Yesterday I did the shopping at the supermarket and happened to notice a woman trailing two kids round the supermarket with her. Dressed in head to toe Nike they whined their round the supermarket putting whatever they felt like in the trolley and screeching like banshees every time the mother dared to question anything they added. I think I spotted some apples in the trolley but the rest of it was pizza, crisps, chocolate, fizzy drinks and various other crap. They'd have got more nutrition chewing on their own shoes than eating the weekly shop. Then they arrived at the electronics department and found the computer games. The eldest, who must have been about 8, decided he wanted a computer game but it was an 18. Mum objected on both price and age limit. This didn't go down well, the resulting tantrum drew shoppers from around the building to witness the splendid and awe inspiring wobbly that this child was chucking. He was on the floor, arms and legs going like pistons, screaming and throwing anything he could get his hands on. Eventually the mother gave in, the game was in the trolley and in an instant the child was back next to the trolley adding a bag of mini Kit-Kats like nothing had ever happened.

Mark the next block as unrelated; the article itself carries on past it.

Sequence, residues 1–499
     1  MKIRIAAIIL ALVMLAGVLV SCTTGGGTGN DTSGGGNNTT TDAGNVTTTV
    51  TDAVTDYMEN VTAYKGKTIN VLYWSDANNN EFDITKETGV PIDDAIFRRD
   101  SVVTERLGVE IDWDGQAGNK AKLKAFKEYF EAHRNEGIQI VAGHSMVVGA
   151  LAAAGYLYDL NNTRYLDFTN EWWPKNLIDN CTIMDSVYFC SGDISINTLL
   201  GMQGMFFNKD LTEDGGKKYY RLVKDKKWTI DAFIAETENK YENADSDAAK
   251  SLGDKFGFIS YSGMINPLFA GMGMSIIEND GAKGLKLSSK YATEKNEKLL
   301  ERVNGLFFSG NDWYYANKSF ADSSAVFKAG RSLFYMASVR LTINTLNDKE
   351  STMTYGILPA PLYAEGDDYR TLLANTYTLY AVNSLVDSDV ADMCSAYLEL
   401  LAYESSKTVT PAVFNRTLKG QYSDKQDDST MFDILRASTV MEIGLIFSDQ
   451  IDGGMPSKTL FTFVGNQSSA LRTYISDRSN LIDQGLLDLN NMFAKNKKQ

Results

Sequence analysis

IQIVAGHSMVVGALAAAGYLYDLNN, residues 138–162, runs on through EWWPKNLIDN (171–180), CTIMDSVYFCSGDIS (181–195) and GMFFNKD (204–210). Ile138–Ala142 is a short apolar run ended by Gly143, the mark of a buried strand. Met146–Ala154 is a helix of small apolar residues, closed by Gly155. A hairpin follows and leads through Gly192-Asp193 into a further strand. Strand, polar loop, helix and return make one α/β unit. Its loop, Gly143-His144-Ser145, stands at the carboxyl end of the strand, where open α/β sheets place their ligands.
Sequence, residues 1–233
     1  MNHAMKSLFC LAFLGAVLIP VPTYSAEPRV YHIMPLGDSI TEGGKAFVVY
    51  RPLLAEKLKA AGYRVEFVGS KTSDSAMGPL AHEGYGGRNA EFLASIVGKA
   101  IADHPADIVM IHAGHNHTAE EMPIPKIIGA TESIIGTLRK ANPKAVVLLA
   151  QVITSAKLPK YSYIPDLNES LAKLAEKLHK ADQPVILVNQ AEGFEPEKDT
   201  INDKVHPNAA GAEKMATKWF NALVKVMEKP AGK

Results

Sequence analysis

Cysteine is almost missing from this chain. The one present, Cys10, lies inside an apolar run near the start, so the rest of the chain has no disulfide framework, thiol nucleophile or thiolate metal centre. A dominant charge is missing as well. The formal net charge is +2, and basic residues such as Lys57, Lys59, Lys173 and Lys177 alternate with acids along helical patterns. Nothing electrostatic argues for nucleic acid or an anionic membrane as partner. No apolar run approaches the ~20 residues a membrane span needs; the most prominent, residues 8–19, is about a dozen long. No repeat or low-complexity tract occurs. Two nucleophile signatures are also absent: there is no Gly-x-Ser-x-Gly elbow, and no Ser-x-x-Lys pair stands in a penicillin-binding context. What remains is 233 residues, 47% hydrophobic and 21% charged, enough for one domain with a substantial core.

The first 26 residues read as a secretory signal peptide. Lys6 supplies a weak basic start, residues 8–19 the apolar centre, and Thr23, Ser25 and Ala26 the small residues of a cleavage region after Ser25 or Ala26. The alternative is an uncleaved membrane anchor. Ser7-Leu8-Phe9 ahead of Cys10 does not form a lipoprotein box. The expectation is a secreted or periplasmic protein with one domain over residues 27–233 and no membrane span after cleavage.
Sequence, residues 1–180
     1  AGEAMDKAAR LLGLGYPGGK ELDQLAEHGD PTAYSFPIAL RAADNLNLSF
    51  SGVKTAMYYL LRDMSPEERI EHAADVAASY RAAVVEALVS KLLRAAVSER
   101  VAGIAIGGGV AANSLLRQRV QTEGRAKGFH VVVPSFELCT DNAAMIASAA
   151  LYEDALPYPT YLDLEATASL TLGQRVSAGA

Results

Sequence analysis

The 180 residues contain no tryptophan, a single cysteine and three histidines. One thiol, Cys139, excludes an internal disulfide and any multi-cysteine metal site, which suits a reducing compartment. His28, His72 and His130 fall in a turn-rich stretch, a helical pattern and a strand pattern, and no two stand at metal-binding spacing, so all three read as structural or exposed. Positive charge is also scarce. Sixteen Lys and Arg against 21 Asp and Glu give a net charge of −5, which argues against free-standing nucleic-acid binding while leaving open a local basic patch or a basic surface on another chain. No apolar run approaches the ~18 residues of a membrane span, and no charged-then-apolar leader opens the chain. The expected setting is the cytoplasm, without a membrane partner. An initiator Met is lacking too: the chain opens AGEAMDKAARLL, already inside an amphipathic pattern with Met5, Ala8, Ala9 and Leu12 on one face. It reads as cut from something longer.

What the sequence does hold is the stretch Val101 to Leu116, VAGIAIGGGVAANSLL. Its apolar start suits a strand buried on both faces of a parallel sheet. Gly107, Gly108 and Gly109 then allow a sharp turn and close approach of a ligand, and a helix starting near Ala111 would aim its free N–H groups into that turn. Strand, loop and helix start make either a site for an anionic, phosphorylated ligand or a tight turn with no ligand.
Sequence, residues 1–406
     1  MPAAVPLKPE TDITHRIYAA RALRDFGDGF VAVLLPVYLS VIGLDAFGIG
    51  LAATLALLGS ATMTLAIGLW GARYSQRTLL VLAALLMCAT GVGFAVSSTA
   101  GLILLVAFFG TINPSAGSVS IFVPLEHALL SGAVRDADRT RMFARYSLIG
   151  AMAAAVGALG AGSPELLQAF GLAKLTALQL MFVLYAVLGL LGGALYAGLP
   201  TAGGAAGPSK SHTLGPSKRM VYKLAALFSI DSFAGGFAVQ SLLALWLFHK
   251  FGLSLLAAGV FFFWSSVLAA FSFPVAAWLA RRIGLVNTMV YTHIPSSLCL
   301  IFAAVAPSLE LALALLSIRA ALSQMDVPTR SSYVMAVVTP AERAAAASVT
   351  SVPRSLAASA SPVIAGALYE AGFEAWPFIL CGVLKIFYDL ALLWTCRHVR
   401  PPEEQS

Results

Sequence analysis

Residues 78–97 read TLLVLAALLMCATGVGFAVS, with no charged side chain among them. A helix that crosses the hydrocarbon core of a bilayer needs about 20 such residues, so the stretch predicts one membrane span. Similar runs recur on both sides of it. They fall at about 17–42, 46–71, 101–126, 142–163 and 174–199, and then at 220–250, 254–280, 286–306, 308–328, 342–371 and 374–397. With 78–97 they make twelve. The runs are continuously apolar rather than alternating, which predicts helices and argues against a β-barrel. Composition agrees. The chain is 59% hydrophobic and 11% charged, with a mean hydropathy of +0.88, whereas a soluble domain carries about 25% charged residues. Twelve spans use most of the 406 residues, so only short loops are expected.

This made me think back to my childhood in the early 80s. When we were young my mum and dad were broke, really broke. My dad was doing his nurse training and my mum was supporting us on one wage. My little brother and me used to go shopping with mum, she'd have a list of things in her head that she needed for the week and that is what we'd be going home with, no more and no less. My brother and I would run round the aisles collecting things that she wanted and putting them in the trolley. We didn't have sugary things, in fact we didn't have anything with E numbers in it either because my brother was allergic to one of the common ones, it sent him up the wall. If we'd have thrown a strop like that in a supermarket not only would we not be getting what we wanted, we not be getting anything at all, probably for the next ten years. I remember having a throw myself on the floor tantrum once at home, my mum stepped over me and carried on doing what she was doing, ignoring me entirely. I never bothered doing it again, it seemed pointless.